Sunday 6 March 2016

Pregnancy and Mothering at sea in the nineteenth century

Today on cruiseships voyaging with your children can be a pleasure. On Mother's Day, as on any day, amusements, crèches, and babysitters abound. Usually no-one gets seasick. Falling overboard is rare. And women don’t give birth there because shipping lines don’t allow you to sail after 27 weeks.
Refugee mothers, of course, have a frightening time. Survival is the issue on their risky ships and on voyages that take days,not months. See by Reuter/Alkis Konstantinidis

Mothering at sea in the nineteenth century
In the past mothering at sea meant not only keeping the kids amused (Ooh, look at that porpoise) and safe (Christine, do not climb on that rail, you’ll fall and drown).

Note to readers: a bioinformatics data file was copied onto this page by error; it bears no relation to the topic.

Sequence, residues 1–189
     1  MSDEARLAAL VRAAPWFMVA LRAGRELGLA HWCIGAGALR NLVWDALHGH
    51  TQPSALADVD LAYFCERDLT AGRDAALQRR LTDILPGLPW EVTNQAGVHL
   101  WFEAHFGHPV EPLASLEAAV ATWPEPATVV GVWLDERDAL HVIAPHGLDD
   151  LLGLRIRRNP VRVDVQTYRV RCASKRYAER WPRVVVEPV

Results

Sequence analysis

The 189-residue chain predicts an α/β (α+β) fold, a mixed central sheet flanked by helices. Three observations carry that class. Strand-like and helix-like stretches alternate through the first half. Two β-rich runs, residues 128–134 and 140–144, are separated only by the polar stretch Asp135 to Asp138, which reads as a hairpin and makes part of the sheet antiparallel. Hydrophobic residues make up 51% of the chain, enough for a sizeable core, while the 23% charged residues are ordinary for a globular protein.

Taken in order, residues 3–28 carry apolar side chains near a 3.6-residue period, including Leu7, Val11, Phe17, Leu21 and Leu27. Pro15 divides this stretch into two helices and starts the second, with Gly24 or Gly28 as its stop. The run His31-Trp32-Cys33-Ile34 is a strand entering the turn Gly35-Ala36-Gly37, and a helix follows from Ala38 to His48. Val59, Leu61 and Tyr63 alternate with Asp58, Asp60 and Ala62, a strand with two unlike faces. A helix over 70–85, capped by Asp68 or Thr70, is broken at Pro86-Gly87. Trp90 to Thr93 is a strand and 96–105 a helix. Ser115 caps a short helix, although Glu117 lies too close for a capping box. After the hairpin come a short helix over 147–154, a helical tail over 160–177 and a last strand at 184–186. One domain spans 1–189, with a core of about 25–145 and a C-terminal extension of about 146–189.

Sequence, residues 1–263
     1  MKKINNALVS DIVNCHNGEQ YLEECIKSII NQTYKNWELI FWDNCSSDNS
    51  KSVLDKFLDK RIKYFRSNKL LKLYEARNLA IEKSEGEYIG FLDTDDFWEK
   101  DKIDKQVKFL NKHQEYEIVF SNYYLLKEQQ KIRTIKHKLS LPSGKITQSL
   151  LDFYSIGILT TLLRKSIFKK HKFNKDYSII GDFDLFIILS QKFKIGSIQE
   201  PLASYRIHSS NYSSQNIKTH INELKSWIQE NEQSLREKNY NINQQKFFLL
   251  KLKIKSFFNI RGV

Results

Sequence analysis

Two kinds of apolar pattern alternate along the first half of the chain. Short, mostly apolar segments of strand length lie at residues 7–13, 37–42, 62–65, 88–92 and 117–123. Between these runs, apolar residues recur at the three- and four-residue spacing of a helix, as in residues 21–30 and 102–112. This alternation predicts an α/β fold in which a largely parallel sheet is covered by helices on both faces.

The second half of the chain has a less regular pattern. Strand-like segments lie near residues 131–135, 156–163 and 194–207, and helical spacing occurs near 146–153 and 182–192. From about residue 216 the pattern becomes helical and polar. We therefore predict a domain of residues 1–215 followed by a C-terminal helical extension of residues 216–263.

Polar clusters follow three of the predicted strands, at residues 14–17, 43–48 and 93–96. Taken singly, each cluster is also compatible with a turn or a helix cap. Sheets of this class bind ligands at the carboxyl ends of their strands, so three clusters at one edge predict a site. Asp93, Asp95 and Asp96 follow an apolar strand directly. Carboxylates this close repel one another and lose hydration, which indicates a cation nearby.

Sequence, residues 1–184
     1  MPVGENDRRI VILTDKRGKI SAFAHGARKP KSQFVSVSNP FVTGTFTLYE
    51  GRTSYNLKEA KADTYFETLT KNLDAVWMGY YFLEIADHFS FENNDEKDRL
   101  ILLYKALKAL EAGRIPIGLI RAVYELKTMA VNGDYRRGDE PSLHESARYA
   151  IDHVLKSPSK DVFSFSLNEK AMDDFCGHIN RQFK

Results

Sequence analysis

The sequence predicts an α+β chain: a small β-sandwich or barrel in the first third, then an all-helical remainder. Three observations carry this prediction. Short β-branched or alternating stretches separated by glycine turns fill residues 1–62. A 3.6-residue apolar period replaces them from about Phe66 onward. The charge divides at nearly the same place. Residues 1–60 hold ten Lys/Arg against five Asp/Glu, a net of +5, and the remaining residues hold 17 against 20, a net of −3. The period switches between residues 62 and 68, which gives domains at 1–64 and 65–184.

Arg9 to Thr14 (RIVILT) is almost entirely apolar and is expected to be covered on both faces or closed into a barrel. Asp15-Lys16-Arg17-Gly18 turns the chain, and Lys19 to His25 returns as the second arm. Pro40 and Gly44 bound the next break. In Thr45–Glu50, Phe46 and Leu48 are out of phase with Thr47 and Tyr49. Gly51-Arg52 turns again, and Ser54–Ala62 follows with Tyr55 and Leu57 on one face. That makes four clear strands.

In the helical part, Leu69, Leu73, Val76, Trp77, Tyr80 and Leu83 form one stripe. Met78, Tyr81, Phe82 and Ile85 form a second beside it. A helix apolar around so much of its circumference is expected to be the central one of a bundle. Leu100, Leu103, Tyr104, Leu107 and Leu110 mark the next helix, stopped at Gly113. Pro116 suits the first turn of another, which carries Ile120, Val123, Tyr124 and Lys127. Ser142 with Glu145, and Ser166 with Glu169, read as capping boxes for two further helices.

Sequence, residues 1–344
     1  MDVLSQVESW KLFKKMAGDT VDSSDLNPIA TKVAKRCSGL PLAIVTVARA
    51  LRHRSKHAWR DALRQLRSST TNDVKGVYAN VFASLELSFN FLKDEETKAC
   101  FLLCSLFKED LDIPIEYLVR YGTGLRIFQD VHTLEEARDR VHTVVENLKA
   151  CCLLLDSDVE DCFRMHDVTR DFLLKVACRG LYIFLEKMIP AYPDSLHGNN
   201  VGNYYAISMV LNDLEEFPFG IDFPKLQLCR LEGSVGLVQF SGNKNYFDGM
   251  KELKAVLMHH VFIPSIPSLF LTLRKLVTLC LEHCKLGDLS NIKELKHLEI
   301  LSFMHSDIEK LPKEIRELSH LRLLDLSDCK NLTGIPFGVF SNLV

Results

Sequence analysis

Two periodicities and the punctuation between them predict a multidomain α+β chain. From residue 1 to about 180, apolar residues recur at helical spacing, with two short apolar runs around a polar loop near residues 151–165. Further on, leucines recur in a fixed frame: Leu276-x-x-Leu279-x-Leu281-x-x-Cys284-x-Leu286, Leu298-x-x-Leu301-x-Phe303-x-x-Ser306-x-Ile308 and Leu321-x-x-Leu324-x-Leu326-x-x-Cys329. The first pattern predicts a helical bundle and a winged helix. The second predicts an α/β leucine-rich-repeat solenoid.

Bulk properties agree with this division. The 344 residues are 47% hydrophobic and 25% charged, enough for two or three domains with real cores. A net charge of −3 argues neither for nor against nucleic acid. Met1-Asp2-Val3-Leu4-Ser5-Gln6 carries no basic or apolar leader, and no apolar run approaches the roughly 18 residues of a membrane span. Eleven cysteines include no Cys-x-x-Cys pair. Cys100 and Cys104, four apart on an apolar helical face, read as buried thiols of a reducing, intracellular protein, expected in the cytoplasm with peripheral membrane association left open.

It also meant risking being where illnesses such as measles and dysentery could spread, fatally for you and your offspring.
On top of that, the dehydration caused by seasickness led some nursing mothers to stop lactating. Their babies then were distressed and colicky, causing the mother more distress. One or both might die.
Did mums get any help? Yes, they did, in the nineteenth century depending on the circumstances. Busy stewardesses helped with childcare. Other passengers looked after the children and even gave their own milk to breast-fed babies
And wealthier women had their own servants to help them, especially if they thought they were going to give birth on the voyage. Details of this can be found in the 1826 voyage story of two of Australia’s founding families: that of pregnant sisters-in-law Harriet Parker King and Mary Copland Lethbridge (nee Parker King).